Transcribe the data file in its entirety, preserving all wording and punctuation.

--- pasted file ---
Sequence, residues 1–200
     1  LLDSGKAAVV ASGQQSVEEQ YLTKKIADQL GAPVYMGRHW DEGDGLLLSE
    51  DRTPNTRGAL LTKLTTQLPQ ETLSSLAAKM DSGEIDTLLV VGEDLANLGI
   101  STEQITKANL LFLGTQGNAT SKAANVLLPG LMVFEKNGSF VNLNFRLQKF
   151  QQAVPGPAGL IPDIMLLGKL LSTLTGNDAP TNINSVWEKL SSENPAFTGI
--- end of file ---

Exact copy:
Sequence, residues 1–200
     1  LLDSGKAAVV ASGQQSVEEQ YLTKKIADQL GAPVYMGRHW DEGDGLLLSE
    51  DRTPNTRGAL LTKLTTQLPQ ETLSSLAAKM DSGEIDTLLV VGEDLANLGI
   101  STEQITKANL LFLGTQGNAT SKAANVLLPG LMVFEKNGSF VNLNFRLQKF
   151  QQAVPGPAGL IPDIMLLGKL LSTLTGNDAP TNINSVWEKL SSENPAFTGI